If you are going through a separation, you may have come across the term ‘Equal shared parental responsibility’. Australian family law commonly uses this phrase in cases involving children. However, it can be confusing, especially against the highly emotional backdrop of a divorce. For this reason, our Family Lawyers explain why it is important for separating or separated parents to understand what the term means and how it will affect them and their children - in particular, those concerned that their former spouse may be making decisions regarding long-term issues

What is Equal Shared Responsibilty?

Parental responsibility, as outlined in section 60B of the Family Law Act 1975 (Cth) is any duty orresponsibility that concerns “the care, welfare and development” of children - obviously one of the primary considerations between a couple going through a separation.

All things considered, maintaining the best interests of the child is the most significant concern of the Court. Accordingly, the concept of parental responsibility was introduced to move attention from parental ‘rights’. And onto providing adequate and appropriate care for children instead.

How do the courts determine best interests of a child?

It is a presumption of the Court that equal shared responsibility is typically within the best interests of the child. Therefore, making any major, long-term decisions regarding the following, must be discussed. And a genuine attempt must be made by both parents to come to a joint decision, accordingly. These are:  Firstly, health;Secondly, education;Thirdly, religion;Fourthly, name; orFifthly, changes to any living arrangements. Indeed, these decisions are not the general, day-to-day decisions regarding the clothing or dietary choices of the children. They only relate to any long-term, major decisions.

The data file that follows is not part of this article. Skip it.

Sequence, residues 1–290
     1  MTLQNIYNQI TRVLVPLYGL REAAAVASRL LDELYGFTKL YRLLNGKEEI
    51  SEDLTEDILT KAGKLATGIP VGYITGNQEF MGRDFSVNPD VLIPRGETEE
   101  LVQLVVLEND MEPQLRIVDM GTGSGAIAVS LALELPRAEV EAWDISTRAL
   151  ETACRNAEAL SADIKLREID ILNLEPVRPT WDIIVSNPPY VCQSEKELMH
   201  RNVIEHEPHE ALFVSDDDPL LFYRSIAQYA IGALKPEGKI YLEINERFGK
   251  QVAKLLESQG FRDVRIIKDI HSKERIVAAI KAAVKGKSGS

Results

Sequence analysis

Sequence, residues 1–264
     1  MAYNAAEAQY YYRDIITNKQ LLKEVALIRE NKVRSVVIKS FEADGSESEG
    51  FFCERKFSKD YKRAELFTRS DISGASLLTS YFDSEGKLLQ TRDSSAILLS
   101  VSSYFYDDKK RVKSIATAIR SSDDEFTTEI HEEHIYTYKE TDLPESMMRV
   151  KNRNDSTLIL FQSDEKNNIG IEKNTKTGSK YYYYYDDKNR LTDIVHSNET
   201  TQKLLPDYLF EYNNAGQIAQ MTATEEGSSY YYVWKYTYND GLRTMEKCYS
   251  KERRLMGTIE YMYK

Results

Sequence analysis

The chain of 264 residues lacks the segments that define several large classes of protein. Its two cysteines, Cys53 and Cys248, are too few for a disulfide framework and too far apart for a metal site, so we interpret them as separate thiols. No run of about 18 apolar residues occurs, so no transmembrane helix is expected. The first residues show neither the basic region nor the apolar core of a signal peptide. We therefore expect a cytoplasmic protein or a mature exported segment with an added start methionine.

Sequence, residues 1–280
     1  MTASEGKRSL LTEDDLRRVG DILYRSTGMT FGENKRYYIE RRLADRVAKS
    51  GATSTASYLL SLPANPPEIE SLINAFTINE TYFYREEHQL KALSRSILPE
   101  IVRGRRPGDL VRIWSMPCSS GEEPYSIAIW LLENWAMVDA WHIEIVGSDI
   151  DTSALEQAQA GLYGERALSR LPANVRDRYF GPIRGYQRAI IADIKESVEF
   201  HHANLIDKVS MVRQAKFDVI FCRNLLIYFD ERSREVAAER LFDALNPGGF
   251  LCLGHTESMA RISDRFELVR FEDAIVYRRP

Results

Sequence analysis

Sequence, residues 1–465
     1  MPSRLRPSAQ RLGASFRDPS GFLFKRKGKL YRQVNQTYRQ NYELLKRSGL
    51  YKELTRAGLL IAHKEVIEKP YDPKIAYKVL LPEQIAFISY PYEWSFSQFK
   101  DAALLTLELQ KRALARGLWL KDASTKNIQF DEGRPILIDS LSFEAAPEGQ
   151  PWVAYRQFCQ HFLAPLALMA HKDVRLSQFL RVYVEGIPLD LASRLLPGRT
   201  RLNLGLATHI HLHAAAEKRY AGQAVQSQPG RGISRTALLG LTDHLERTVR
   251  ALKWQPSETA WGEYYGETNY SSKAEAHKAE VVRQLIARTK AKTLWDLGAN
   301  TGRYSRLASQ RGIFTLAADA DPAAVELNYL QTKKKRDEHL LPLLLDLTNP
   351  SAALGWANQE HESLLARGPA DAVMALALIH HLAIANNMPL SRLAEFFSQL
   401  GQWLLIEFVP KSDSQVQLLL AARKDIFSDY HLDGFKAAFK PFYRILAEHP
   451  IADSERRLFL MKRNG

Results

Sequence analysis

Family Violence

In circumstances where there are reasonable grounds to believe that a parent, or a person that lives with a parent, has engaged in abuse of the child or there is family violence, the Court will typically grant sole parental responsibility.  However, if you are unsure about what equal shared responsibility means for you and your children or you are concerned your former spouse may be making decisions regarding long-term issues, please contact our friendly team on 02 9891 6388.  New South Lawyers’ communications are intended to provide commentary and general information and not relied upon as legal advice. Seek formal legal advice in particular transactions or on matters of interest arising from this communication.

To find out more, chat with a member of New South Lawyers' Family Law Team today.